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I have to keep coming out, here’s why

IN PARTNERSHIP WITH CONVERSE

PHOTOGRAPHY BY ISABELLA CONNELLEY
STYLING BY CARLOS MANGUBAT
MODEL WEARS ERIK YVON COAT,
SLEEPING WITH JACQUES PANTS, CONVERSE PRIDE SHOES
SOCK FROM CHUSETTE

WORDS BY RIMU BHOOI

“Being polite or gracious doesn’t help; I’ve found that putting people at ease in this situation doesn’t make it any more likely that they will respect me.”

Content warning: This article discusses homophobia, transphobia, ableism, self-injury and suicide. 

This Pride Month, in partnership with ConverseFashion Journal is welcoming a queer guest editor from the Converse All Star community to guide our storytelling in support of queer voices. Rimu Bhooi is a queer, non-binary, disabled Indian of Punjabi Sikh descent, working as a writer, board member, creative, and an activist for human rights and the most marginalised communities. This article was written and edited by Rimu in consultation with the Fashion Journal team.

I built up my coming out in my head for weeks before I finally did it. At lunchtime, a treasure hunt led to a tray of cupcakes with ‘I’m not straight’ iced on them. Personalised letters to my closest friends? What would work best? 

In the end, sickened with anxiety, I managed to cough up the words between sobs to my best friend. It was quite the disaster. She didn’t hit the mark with a supportive response, and I shrunk back into myself again. A couple of years later, I made new friends who didn’t identify with the gender binary. I had never considered my gender past what the doctor assigned at birth.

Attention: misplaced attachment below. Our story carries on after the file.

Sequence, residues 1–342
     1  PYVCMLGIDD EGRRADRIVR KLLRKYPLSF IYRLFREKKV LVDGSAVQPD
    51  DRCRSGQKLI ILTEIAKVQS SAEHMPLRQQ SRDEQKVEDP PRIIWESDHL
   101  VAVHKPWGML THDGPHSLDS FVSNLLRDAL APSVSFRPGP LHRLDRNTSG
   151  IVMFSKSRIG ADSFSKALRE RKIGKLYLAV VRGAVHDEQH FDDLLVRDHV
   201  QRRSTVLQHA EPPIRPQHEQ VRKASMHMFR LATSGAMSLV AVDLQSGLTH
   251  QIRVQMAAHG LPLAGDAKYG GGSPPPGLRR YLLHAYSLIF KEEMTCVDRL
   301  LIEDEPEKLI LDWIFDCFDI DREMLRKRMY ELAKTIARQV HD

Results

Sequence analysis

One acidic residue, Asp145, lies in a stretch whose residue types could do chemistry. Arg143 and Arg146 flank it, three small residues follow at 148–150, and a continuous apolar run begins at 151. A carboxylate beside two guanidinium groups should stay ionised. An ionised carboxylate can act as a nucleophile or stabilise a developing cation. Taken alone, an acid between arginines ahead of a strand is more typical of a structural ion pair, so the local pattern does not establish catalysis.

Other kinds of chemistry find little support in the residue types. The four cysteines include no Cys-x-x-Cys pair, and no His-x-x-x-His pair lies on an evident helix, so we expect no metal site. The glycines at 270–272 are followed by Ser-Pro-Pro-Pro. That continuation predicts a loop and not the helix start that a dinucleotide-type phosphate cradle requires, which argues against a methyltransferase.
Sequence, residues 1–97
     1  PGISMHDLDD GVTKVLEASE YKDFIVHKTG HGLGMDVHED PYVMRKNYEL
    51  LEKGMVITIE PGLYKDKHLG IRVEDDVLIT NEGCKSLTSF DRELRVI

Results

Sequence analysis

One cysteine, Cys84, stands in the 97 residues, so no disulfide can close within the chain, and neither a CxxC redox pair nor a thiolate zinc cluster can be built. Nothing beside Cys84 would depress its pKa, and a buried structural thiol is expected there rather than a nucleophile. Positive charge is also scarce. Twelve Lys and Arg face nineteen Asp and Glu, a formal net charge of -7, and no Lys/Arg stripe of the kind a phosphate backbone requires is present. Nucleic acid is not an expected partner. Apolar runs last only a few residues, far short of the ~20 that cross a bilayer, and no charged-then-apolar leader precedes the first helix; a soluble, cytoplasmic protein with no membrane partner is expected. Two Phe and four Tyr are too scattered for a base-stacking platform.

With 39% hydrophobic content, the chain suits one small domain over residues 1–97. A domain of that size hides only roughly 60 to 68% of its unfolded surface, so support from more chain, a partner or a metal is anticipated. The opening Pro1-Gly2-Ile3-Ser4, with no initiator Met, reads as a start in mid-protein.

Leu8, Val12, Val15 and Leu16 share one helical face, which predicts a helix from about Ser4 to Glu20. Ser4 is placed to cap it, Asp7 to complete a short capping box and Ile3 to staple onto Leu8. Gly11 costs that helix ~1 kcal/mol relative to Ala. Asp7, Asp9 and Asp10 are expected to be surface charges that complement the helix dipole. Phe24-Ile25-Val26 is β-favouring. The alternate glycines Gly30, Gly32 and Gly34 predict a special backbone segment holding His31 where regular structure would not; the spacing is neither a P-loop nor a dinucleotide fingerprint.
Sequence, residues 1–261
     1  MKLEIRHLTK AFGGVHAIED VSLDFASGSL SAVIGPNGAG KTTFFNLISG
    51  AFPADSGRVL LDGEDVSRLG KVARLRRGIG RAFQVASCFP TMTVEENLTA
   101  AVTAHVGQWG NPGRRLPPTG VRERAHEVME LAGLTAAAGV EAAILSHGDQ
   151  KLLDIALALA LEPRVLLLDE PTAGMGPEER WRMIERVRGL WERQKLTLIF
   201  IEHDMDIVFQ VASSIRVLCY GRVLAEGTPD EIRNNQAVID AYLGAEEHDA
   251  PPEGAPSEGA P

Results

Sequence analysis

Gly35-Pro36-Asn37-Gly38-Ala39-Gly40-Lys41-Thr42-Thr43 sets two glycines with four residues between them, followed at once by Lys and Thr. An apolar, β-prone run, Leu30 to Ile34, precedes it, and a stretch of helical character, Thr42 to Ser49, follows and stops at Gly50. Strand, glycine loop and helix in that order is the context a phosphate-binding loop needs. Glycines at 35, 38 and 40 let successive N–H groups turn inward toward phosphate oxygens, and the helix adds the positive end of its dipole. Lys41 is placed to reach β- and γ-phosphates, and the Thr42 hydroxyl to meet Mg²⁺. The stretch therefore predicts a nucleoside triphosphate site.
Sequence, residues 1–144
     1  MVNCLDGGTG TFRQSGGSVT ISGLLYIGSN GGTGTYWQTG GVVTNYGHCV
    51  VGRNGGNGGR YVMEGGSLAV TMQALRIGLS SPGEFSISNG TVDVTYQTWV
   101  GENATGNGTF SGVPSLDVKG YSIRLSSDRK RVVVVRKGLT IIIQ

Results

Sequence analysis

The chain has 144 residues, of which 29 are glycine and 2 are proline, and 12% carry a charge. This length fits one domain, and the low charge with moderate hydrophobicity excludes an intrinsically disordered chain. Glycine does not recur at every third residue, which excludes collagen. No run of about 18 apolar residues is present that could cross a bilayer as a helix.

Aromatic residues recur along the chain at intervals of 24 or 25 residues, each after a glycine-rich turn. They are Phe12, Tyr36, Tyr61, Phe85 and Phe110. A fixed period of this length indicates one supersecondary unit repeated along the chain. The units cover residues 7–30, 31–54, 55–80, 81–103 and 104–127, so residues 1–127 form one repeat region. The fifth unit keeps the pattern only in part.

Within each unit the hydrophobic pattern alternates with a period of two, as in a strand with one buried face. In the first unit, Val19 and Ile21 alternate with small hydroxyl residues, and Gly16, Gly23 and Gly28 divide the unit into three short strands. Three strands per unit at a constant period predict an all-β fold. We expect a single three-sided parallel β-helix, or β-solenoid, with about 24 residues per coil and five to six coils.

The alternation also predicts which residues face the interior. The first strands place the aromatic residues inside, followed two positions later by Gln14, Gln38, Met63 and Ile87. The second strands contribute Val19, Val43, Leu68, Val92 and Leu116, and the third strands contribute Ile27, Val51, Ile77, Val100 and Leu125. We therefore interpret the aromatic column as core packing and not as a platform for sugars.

Interested to hear how others navigate the world? Head to our Life section.


It has been a great gift to finally feel safe enough to explore my gender and sexuality. But, it has been an even greater gift to have people around me who get it while I do. On the other hand, I have to keep coming out to people who aren’t my found family.

I regularly encounter paramedics, emergency department staff, doctors, nurses, and specialists. Unfortunately, I hardly ever see the same people, so I have to keep coming out every time I need healthcare. You may wonder how my gender identity and sexuality would be relevant to these folks. The vast majority of healthcare I access is gynaecology, often referred to as ‘women’s health’.

I am not a woman. I have long bushy hair and often wear dresses and skirts so that my mobility isn’t limited. My gender expression is my best guess as to why my sexuality is assumed. Do you see my dilemma? I’m also queer* and in a long-term relationship with a woman. They ask when my boyfriend is coming to pick me up, how my sex life is affected by my chronic pain, and whether he is ‘understanding’ of this.

Every time I go to the emergency department, I must do a pregnancy test. I have queer sex. Do you see my dilemma? I have moderate endometriosis, chronic pain, adenomyosis, vaginismus, chronic fatigue, functional seizures, clinical depression, generalised anxiety disorder, and post-traumatic stress disorder. 

The chronic pelvic pain is often acute and unmanageable at home when I have a flare-up. However, this happens so regularly that getting pain relief from the emergency department is part of the pain management plan my GP and gynaecologist put together. I even have a favourite bed in the gynaecology ward. 

Then there’s the pandemic. I know firsthand that emergency rooms are at capacity, staff are off sick, and the hospitals are overwhelmed. Nurses and doctors have very little time and energy for me. I have only recently begun to correct people on my pronouns, gender marker, and sexuality. For years, I believed it was easier to pass under the radar. 

When I shook so hard from pain that I couldn’t walk or string a sentence together, it seemed more straightforward to focus on accessing pain relief. Convincing people that endometriosis is an actual condition that deserves investigation and support took up most of my time in the hospital.